Day 2 of |FAT| brought the theme of "Natural Occurrences" where designers showcased their eco-friendly fashions. The show began with a message from Fashion Takes Action, an organization that helps fashion businesses become sustainable through the promotion of eco-friendly organic materials. The concept of "slow fashion" was promoted. Slow fashion strays away from the typical fast production and focuses on taking time to make quality garments. Likewise, people should be taking time to think about what they buy. Timeless pieces that can be re-worn promote sustainability by reusing clothes.
The show opened with Loft 604 and its line of menswear. This relaxed preppy look featured cable knit cardigans, nautical capris, and a double-breasted peacoats. This portion of the collection was quite reminiscent of styles that I might see at Jcrew. The line also featured a more rugged look with men in work boots. Jool drew on 80s/90s grunge trends with destroyed denim, fringes, and neon yellow armbands that could have been scrunchies. The collection also featured outfits with platform heels and bright purple leggings. Kali used relaxed fabrics in minimalist fashions. The collection drew on current trends such as maxi dresses and wide brimmed hats. The styles here resembled items that could be found at American Apparel. David C. Wigley showed next with his brand, Worth. His collection was opened by a ballerina in a black tutu wearing animal-like face paint. She set the tone for this intense, almost gothic collection. This collection featured both men's and women's fashion. Some men wore harnesses with jeans, where women wore black and blue print over dropped-crotch pants.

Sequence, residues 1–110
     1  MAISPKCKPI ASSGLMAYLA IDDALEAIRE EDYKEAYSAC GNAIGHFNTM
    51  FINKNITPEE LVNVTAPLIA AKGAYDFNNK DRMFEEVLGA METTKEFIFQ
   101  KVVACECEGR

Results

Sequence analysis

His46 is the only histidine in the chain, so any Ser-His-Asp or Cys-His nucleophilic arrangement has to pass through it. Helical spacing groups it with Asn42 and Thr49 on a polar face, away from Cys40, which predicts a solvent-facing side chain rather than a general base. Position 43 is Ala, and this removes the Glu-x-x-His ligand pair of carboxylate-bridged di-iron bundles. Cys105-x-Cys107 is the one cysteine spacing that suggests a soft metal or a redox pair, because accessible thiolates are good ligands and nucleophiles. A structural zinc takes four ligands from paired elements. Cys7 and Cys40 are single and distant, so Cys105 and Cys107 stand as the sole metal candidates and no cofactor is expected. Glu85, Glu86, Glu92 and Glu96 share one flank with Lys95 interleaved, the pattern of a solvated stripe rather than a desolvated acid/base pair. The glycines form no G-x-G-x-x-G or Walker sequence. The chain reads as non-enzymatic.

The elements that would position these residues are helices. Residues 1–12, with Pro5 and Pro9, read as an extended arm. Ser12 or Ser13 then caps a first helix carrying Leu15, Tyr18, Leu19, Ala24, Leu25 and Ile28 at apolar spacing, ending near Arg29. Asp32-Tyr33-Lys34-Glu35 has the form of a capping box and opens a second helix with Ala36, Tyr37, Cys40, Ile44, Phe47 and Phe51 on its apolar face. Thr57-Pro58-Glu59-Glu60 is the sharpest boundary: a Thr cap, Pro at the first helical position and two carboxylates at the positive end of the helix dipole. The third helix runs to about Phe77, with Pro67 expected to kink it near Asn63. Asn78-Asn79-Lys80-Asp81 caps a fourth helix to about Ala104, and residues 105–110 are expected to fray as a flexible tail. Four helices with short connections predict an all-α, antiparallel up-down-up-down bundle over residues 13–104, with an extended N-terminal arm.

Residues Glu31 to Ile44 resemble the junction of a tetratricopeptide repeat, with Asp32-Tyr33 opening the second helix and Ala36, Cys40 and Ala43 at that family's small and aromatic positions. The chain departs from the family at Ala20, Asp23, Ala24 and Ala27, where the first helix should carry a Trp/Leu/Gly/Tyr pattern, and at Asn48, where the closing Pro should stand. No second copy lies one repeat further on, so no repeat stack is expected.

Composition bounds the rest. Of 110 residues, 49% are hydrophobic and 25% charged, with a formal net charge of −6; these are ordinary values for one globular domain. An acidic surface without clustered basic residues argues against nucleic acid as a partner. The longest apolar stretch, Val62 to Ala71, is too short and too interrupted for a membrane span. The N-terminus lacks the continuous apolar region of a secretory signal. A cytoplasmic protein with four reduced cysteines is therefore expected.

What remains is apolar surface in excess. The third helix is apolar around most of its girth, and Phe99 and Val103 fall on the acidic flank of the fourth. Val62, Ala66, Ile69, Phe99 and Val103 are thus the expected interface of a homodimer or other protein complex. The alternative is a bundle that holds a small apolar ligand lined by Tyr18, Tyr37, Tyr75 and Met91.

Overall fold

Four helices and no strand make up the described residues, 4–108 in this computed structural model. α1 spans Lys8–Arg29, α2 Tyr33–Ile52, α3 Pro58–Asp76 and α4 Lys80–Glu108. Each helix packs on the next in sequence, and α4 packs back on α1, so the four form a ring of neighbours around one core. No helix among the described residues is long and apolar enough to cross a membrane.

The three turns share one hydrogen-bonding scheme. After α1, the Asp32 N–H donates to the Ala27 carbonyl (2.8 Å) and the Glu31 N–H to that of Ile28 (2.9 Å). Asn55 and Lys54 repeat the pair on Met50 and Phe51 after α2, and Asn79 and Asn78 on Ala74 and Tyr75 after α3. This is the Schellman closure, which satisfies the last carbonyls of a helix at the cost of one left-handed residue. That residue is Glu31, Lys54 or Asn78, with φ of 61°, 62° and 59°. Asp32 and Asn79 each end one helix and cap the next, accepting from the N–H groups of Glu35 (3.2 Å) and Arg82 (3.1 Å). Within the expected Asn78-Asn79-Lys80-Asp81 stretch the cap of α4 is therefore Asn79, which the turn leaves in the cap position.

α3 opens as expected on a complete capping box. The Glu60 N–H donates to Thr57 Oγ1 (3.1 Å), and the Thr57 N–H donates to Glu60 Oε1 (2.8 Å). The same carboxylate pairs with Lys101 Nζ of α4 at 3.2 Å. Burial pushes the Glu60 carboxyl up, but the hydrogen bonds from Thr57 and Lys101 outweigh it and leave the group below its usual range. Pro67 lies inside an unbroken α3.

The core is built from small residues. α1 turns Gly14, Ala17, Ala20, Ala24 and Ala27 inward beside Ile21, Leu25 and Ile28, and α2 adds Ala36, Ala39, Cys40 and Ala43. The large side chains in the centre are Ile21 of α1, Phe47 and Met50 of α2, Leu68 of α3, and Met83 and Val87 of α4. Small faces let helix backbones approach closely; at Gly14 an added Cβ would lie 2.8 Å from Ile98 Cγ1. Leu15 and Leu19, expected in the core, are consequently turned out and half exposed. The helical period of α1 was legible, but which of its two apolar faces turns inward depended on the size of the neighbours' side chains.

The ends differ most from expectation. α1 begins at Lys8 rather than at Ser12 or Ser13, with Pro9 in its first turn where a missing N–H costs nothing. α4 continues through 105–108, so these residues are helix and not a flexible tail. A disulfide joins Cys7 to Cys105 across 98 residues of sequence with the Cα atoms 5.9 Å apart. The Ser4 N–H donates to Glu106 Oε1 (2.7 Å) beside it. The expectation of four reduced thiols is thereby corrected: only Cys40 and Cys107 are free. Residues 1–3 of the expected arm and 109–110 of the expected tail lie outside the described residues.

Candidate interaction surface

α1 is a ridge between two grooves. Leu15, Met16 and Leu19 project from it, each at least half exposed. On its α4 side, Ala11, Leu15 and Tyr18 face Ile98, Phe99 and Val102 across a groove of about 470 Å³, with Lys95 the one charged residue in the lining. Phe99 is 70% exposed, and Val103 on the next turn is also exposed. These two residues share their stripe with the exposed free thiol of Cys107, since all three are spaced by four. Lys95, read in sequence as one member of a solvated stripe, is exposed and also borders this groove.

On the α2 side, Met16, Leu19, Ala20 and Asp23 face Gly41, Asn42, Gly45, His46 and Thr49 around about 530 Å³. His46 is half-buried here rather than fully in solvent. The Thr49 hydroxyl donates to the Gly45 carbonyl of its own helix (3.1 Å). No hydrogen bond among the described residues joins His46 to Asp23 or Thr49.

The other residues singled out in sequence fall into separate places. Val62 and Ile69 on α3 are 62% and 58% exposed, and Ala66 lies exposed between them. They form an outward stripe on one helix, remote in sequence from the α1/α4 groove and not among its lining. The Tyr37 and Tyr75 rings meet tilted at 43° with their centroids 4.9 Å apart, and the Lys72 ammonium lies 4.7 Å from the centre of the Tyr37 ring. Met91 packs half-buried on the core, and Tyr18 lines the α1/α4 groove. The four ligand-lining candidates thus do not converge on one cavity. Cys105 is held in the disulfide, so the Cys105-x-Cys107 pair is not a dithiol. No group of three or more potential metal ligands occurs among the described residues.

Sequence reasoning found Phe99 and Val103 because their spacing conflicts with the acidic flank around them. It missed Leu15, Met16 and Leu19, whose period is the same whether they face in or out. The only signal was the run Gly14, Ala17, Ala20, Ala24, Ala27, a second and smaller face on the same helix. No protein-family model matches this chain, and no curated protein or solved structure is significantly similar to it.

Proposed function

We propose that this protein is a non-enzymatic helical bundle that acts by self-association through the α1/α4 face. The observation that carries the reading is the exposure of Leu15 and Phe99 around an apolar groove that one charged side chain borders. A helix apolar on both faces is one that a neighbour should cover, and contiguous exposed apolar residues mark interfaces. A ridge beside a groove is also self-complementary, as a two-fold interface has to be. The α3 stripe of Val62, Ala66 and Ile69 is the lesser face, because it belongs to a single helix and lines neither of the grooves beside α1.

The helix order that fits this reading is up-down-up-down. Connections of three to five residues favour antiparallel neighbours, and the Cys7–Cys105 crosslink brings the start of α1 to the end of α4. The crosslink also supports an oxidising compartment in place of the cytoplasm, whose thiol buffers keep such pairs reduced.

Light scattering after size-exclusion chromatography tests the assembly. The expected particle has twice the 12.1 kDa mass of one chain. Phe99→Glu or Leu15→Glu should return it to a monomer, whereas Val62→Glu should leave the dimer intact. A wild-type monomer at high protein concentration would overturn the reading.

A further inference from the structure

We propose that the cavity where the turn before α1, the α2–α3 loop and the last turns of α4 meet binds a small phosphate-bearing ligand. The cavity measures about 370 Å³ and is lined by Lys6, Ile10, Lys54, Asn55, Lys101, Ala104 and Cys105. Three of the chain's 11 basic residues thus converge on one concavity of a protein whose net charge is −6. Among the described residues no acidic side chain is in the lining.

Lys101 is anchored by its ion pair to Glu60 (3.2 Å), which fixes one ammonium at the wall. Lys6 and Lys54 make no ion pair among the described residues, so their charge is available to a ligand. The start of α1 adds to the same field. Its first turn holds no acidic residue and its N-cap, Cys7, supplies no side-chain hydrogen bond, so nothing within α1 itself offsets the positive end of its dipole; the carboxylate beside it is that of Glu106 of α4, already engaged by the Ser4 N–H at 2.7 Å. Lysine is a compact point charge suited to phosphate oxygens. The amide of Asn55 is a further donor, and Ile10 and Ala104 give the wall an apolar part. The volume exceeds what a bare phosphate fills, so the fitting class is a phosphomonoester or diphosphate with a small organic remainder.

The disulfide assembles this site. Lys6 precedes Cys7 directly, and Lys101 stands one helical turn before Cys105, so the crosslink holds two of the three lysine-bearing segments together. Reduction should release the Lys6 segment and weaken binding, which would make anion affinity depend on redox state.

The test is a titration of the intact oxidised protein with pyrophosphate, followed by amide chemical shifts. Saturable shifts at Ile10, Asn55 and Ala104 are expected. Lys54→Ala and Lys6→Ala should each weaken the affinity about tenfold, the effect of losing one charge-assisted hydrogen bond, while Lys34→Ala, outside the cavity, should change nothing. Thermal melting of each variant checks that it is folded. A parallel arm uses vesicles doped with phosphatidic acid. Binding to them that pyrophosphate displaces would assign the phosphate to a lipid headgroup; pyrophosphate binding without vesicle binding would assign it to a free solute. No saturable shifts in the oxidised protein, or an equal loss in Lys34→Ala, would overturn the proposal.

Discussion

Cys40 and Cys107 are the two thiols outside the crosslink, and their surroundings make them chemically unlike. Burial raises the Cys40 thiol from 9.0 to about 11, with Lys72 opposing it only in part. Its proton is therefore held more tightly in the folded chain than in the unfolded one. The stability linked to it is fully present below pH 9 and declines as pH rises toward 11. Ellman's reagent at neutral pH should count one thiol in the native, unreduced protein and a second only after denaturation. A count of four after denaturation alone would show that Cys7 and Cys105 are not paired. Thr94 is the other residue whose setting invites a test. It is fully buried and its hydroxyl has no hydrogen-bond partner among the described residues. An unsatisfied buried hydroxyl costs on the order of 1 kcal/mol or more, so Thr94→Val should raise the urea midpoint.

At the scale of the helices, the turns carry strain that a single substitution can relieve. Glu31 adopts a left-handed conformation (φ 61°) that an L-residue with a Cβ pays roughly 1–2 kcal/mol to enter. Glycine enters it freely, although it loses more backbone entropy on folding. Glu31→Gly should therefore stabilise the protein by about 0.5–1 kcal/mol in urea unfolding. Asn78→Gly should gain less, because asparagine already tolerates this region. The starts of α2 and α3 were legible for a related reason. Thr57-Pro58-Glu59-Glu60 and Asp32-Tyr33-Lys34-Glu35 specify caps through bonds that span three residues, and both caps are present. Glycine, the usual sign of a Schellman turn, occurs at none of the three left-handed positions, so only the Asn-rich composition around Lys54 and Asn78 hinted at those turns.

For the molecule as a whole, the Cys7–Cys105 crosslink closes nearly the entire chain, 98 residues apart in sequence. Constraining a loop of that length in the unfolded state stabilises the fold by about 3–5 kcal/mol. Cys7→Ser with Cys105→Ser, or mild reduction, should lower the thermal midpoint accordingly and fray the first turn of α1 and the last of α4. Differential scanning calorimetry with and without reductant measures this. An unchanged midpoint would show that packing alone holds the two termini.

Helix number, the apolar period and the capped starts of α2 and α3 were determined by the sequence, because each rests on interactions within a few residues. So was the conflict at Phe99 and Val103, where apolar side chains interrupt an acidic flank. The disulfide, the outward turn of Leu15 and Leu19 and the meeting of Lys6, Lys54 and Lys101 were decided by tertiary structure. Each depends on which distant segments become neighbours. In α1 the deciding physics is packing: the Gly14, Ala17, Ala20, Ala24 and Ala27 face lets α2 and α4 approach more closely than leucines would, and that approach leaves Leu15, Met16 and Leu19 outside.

The second set began with Moon Burn who used models and looks I would like to describe as "polished cavemen". This menswear line not only brought goggles as head accessories, vertically striped pants, and eclectic patterns, but it also brought a performance. Two models came down the runway twirling batons and ropes, and two others had a light saber fight in the middle of the runway. Nettie Blanche offered a simple, polished look with an autumn palette of burgundy, rusty orange, forest green, and deep blue. The collection saw the creative use of cowl knit scarves draped in a variety of ways. The Make Den showed a cute line that appeared to be vintage and feminine with loose lace, bow tie necklaces, and fringed shirts. During the final walk, all models held onto a long piece of fabric from the first model's skirt. The skirt was then tailored on the spot by the designer into a short wrapped skirt.
ica watermelon by Julia Knupfer showed in the last set instead of the second. Her collection wowed with intricate knits and crocheting. The bottoms included the same kind of weaves with simple designs over pants that resembled loose fishnets. One model wore a "We are greenagers" t-shirt, which is the same saying seen on ica watermelon's site. Mackenzie Jones kept the audience captivated with a narrative performance between pairs of models. The collection appeared mythological as models wore fur, flowing dresses, and oversized horns and antlers. This seductive muted conversation complemented the styles beautifully. The Ryerson School of Fashion was the next to show. This mix of talents included one-piece jumpsuits with cutout backs and fronts (not at the same time), a ruffled skirt, pointed shoulders, two-toned leggings, and a floor-sweeping layered dress. Little White Dress was next on the runway. As the name says, the collection featured white dresses of different varieties. Some of the dresses were fashion in flowing materials, doily hems, lace trims, and ribbon waists. The final collection of the night was by Aleksandra Bibic who had dancers in silky materials prancing between models. The dresses used pale pinks and cremes on dresses that accented the bust and waist very nicely.
In between shows, I also had the chance to chat with David C. Wigley (of Worth), so stay tuned for that interview!
Photos via Geoff Fitzgerald at digitalfabrik.ca